When I was 15 and I’d discovered I was gay, the brand new Gay & Lesbian Alliance Club in my high school was a huge deal. I breathed a sigh of relief because it felt like security, like there was backup now, because there was a group of us and a group is a lot louder than just one little newly out lesbian voice. We were going to fight for marriage equality, we were going to stand up against injustice and prejudice, and we were going to sport cute rainbow gear while doing so.

But as I got older and the Gay & Lesbian Alliance Club was far behind me, it became starkly clear that there was a line drawn between the LGBTQ community and the undocumented LGBTQ community.

When my friends and I turned 16, we all learned to drive, except they all got Driver’s Permits, and I didn’t. I wasn’t allowed.

When we turned 21 and wanted to go bar hopping, they got to just show up and walk right in while I risked the embarrassment of being turned down at the door because my ID was not state issued but instead from the Mexican Consulate. It was green and unfamiliar, and most of the time it wasn’t worth the confused look on the door guy’s face trying to find my birth date before inevitably informing me I wasn’t allowed in without a valid form of I.D.

When marriage equality finally happened, I felt validated because I’d marched the marches; I’d protested in every protest; I’d held up the signs. It was so gratifying I never even noticed that the same faces from the protests for LGBTQ rights were missing at the ones for immigration reform.

But DACA eventually came into effect and it seemed like progress. Some of us were allowed work permits and a Driver’s License for the low, low price of $500 every two yearsnot including attorney fees. Well, that was nice while it lasted.

My time in this country has been limited to two final years by a tiny laminated card, and a man with even smaller principles. When President Obama signed DACA eight years ago, it was if not a light at the end of the tunnel, a very shiny, bright glimmer. For a moment there was security on some level, though not without its restrictions.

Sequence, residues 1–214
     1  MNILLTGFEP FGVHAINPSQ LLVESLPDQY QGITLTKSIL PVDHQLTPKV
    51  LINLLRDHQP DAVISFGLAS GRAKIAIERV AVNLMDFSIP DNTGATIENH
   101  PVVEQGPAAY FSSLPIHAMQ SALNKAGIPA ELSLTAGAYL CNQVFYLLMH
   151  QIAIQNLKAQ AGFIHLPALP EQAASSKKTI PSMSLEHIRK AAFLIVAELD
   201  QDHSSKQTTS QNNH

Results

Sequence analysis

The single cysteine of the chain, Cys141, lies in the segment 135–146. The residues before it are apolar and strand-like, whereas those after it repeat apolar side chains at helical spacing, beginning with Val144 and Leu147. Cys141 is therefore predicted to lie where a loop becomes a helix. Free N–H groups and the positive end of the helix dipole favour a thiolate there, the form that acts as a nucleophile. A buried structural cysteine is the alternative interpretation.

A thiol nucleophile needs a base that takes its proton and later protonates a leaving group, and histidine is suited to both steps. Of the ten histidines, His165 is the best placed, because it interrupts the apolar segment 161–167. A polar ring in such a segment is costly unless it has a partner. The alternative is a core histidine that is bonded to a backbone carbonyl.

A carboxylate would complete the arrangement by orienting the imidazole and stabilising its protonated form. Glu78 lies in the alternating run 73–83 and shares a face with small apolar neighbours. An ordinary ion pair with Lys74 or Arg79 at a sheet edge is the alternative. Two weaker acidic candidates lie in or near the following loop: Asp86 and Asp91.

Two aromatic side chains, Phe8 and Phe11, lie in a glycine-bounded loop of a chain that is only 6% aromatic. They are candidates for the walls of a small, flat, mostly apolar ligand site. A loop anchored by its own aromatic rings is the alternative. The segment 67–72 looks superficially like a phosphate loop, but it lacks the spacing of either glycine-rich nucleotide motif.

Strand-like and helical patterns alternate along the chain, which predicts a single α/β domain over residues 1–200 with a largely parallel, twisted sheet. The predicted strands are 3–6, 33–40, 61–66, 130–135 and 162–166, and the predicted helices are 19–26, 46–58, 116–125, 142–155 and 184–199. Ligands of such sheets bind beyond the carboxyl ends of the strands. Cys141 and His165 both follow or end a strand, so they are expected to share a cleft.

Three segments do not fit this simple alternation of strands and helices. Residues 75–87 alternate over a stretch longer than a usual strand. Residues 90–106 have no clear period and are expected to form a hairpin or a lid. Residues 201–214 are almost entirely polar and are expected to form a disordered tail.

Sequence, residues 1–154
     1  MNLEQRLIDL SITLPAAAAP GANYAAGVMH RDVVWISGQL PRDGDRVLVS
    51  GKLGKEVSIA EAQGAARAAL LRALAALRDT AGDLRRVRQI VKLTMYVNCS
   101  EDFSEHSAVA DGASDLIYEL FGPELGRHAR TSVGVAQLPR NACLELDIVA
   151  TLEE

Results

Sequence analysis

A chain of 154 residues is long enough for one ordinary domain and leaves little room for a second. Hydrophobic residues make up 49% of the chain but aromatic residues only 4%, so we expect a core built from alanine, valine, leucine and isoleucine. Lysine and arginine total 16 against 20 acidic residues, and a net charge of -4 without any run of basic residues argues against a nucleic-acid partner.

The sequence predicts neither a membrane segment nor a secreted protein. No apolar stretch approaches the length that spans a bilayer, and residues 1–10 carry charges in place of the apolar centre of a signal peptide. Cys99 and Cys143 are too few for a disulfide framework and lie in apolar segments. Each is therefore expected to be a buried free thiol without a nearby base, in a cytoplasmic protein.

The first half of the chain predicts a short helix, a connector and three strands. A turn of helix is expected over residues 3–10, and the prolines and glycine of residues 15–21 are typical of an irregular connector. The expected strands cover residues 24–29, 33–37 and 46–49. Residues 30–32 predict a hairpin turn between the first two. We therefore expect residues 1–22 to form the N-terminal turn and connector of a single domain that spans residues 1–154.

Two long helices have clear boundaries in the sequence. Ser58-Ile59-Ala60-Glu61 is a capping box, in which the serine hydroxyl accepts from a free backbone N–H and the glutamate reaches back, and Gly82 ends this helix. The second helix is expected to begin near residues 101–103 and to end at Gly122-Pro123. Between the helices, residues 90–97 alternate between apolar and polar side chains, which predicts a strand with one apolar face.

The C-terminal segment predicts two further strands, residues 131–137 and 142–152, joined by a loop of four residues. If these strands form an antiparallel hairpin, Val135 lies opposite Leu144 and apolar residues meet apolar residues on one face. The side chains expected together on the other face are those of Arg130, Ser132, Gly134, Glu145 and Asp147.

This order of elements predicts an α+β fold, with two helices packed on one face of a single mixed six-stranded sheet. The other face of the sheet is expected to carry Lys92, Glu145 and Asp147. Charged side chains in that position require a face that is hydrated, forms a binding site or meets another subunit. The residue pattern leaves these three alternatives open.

Traveling, for example, is limited to work or school related trips, and there is a petition to be made beforehand, along with a hefty additional fee. In addition, DACA does not provide a pathway toward citizenship, in effect locking its applicants within a status of illegality with a very slight exception. There are approximately 800,000 of us working and contributing to the economy daily, and everyday thousands of us are being stripped of our status and have been left with nothing but uncertainty in its place–I myself have renewed my work permit for what is potentially the last time in late November.

Still, little is said in mainstream media, and even less amongst the LGBTQ community.

I can count on one hand specific recollections I have of Mexico, where I was born, and some of those are only half memories. I was nine when I left; I’m 32 now and I haven’t been back since, so I can’t begin to imagine I’ll feel at home there if I’m forced to return.

My Spanish is great, but it’s not perfect. How exactly does an introverted lesbian go about starting all over again in a small, traditional, deeply Catholic Mexican town? I don’t know, but I liked it when my daily struggles consisted of getting control of my slight accent while being careful to not roll my Rs when speaking in English.

Here’s one thing I’d like people to understand: Getting rid of DACA isn’t about safety, or conserving some American ideal, or even about immigration at the end of the day, because getting rid of DACA kicks Americans out of their home and drops them into an environment that hasn’t been familiar in a long time, if ever. It goes without saying that it’s been a rough year for everyone in the U.S. that is not a white, heterosexual male. I am sympathetic. But as I stand at the tipping point, I look around and realize that my LGBTQ family, for the most part, have no idea or don’t care enough to fight for those of us who have been left out of the equation because of our legal status.